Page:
Conscious Ambassador of Trauma Informed Care™
Trauma Informed Care is a highly referenced and widely adopted way of understanding and acknowledging the effects trauma has on individuals. Emanating in the behavioral health field, the concept of trauma moved from a deficit-based way of seeing individuals, to seeking to understand how traumatic experiences inform the way one interacts with the world (Bronfenbrenner & Morris, 1998; Harris & Fallot, 2009).
This shift to a more contextually responsible view of being Trauma Informed, created a momentum and broad application across various disciplines and sectors. The welcomed adoption also highlighted different understandings amongst individuals and organizations on how we define and practice a Trauma Informed Care Approach. SAMHSA’s TIP 57 provides a framework regarding how to understand and responsibly build trauma-informed work spaces. While this framework was created for behavioral health service providers, the pervasive nature of trauma across our ecology (Harris & Fallot, 2009) has respectfully led to TIP 57 being situated as a seminal framework to understand the tenets of trauma and how organizations practice trauma informed care as an approach. As contributors to this work we to find value and relevance in this framework and believe and seek to a offer an important and applicable process that works to provide a pathway sensitize and elevate our consciousness in order to be Conscious Ambassadors of Trauma Informed Care™.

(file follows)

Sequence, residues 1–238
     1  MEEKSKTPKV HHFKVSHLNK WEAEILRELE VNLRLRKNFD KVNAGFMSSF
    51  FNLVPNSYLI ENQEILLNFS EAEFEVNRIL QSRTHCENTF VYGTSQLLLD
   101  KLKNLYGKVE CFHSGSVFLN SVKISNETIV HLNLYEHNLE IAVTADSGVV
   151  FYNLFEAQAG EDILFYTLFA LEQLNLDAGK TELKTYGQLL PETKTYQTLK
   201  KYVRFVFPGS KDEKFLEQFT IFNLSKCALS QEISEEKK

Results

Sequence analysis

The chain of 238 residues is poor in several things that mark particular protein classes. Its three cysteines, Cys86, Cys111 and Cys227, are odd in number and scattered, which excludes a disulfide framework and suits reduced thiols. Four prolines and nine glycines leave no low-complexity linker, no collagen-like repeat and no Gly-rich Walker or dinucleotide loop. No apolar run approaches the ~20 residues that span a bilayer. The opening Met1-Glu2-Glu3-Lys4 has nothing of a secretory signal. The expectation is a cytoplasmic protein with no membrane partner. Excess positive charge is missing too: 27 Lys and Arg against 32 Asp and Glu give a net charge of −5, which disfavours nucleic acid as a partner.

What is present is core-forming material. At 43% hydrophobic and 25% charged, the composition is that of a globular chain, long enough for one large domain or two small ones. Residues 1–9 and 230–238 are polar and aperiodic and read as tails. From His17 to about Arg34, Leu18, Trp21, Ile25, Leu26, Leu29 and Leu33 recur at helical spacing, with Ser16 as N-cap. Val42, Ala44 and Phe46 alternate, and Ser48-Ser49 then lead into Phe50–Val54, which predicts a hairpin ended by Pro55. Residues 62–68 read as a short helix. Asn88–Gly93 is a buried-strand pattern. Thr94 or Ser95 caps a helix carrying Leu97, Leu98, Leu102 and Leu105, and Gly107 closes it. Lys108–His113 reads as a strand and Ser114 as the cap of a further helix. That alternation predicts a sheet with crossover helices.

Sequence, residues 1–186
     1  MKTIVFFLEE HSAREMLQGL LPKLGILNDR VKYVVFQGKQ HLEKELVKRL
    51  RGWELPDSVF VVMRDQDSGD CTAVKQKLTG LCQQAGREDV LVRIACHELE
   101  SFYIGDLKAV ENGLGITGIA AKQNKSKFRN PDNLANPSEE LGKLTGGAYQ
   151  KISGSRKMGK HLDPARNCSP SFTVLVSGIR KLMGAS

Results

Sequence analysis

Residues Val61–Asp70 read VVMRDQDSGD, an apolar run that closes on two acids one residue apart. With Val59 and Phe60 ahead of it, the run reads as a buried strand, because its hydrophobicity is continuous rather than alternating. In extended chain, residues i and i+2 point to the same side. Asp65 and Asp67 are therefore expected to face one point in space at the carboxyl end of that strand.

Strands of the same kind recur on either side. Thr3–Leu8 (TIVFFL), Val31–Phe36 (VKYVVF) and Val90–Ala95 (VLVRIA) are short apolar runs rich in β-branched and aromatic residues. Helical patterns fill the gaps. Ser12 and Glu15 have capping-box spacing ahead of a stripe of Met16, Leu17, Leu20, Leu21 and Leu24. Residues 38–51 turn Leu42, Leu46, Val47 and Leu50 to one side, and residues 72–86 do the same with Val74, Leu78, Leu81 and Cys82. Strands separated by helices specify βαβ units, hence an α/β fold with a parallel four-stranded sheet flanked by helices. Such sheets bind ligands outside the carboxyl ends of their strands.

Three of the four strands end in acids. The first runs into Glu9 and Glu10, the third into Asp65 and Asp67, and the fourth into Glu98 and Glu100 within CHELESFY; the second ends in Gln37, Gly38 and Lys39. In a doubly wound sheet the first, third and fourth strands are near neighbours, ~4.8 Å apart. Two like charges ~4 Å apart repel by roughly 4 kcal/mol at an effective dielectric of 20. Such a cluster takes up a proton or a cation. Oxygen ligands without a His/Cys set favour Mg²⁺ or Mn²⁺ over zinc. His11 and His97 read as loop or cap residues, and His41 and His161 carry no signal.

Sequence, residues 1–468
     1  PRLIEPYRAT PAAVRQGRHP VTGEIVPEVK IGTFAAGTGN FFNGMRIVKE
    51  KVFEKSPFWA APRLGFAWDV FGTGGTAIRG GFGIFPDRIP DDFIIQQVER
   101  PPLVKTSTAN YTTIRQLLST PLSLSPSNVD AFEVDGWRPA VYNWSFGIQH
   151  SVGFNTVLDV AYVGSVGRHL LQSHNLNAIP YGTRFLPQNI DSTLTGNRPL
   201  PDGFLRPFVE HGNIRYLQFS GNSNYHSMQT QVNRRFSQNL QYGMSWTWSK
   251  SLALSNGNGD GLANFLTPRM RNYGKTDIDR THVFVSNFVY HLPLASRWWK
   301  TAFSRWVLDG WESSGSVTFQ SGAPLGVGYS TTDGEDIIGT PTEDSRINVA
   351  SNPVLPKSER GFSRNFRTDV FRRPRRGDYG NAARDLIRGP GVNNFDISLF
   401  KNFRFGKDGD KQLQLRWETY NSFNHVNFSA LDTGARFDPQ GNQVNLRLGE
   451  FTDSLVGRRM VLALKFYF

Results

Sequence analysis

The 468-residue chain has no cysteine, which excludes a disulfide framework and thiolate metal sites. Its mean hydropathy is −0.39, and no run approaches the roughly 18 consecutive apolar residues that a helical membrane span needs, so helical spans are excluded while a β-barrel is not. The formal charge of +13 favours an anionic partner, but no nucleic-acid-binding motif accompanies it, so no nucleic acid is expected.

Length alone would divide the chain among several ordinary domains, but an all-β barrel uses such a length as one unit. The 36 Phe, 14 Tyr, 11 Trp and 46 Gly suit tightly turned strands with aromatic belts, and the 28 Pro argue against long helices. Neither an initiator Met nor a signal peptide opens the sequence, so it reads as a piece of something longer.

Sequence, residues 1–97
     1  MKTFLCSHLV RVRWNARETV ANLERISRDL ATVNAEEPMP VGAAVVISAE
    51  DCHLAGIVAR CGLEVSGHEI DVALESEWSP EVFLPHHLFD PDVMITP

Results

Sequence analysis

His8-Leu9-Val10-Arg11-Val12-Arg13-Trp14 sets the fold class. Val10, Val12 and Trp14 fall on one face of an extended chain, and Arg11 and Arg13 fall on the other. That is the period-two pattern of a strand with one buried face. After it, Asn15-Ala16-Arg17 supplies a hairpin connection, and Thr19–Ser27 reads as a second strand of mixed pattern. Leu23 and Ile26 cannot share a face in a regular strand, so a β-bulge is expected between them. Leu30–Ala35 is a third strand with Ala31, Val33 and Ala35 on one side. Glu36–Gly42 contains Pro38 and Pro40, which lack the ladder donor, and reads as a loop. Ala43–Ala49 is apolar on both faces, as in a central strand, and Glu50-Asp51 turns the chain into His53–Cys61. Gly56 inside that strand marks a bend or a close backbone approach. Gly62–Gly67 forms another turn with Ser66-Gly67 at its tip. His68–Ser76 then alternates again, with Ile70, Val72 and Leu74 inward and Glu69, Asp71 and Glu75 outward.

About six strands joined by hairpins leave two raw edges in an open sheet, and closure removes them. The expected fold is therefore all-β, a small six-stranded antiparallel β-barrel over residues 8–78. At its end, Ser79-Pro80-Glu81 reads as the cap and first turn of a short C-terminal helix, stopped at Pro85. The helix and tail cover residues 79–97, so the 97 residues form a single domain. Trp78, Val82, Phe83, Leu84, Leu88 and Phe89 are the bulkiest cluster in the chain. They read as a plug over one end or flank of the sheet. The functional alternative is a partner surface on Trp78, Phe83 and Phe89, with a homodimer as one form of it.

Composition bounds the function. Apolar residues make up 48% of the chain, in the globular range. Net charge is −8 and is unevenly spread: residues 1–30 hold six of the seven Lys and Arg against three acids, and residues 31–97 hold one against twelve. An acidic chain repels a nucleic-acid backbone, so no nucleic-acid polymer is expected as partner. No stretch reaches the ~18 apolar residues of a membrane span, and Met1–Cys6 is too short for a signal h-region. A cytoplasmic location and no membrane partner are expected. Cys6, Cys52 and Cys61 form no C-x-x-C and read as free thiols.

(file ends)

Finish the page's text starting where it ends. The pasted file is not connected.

Conscious Ambassador of Trauma Informed Care™ are promoters of a world where individuals are critically sensitized to the needs of others. The process of being an ambassador requires one to develop an elevated consciousness about oneself as an essential first step, and then reflecting on how their thoughts inform the way in which they support others. Therefore, The Conscious Ambassador of Trauma Informed Care™ approach is appropriate for all people-serving organizations as it is aimed at teaching individuals how to promote cultures that understand and account for the varying experiences and needs of their workforce.
Bronfenbrenner, U., & Morris, P. A. (1998). The ecology of developmental processes. In W. Damon & R. M. Lerner (Eds.), Handbook of child psychology: Theoretical models of human development (p. 993–1028). John Wiley & Sons Inc.
Fallot, R. D. & Harris, M. (2009). Creating cultures of trauma-informed care (CCTIC): A self-assessment and planning protocol. Washington, DC: Community Connections. Retrieved from https://www.theannainstitute.org/CCTICSELFASSPP.pdf
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